The Ukraine captain, Mikhail Filima, joked about the situation, “three is better than two.” The obvious absentee is World No. 4 Svitolina. “It’s difficult to attract strong players into the team because all of them have full schedules,” Filima explained. “But it’s my goal to build as strong a team as possible.”
Savchuk, 30, is the only reserve for the Ukrainians and her singles ranking is No. 867. She has not ranked in the top 150 in the last nine years and a year ago was 1-4 in singles. Her only win was 3-6, 6-2, 6-4 against her 17-year-old compatriot Dayana Yastremska in the qualifying in Moscow in September.
Canada has a solid singles back-up in Andreescu, so the Ukrainians are extremely vulnerable if Tsurenko or Bondarenko had any issues.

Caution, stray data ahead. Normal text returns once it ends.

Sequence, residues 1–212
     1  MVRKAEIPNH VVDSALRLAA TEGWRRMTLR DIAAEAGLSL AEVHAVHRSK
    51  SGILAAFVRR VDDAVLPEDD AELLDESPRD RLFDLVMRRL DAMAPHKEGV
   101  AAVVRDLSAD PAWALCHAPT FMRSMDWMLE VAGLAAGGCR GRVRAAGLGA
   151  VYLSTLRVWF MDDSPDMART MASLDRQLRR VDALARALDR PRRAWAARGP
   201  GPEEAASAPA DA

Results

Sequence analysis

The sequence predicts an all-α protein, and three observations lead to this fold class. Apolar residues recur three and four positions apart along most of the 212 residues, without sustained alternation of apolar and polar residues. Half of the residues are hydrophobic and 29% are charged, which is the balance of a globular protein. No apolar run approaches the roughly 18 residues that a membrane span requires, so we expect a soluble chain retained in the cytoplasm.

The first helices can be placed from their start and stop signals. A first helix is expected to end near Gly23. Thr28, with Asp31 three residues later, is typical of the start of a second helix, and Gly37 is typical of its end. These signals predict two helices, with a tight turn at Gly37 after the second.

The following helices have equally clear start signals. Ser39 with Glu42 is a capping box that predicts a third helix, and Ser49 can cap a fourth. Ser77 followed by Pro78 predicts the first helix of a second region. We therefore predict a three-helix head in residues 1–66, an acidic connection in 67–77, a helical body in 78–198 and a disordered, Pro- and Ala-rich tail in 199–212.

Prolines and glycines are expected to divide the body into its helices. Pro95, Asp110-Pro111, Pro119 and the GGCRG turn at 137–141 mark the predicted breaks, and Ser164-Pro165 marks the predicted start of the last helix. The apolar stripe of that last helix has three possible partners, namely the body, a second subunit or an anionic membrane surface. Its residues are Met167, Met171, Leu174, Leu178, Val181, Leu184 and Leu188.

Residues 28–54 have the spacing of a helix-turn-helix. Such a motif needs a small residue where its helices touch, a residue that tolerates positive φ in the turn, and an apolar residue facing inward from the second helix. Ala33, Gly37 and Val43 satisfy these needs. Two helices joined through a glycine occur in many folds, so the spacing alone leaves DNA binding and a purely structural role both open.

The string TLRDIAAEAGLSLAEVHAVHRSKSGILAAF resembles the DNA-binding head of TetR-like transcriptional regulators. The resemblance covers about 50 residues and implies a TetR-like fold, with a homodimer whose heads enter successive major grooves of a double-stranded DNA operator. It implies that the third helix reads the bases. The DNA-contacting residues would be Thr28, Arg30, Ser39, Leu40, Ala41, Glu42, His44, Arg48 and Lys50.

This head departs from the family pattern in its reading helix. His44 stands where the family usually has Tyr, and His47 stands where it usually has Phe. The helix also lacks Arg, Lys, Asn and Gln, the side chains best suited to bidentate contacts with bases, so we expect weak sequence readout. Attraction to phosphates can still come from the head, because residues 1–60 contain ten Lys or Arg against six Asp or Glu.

Following the two singles on Saturday, it’s scheduled to be the countries’ respective No. 1s – Tsurenko and Bouchard – in the third match beginning at noon on Sunday followed by No. 2s Bondarenko and Abanda.
But substitutions can be made and also to the announced doubles match-up of Bondarenko, No. 56 in doubles, and Savchuk vs. Dabrowski and Andreescu, No. 160 in doubles.
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(Feature photo: Pascal Ratthé/Tennis Canada)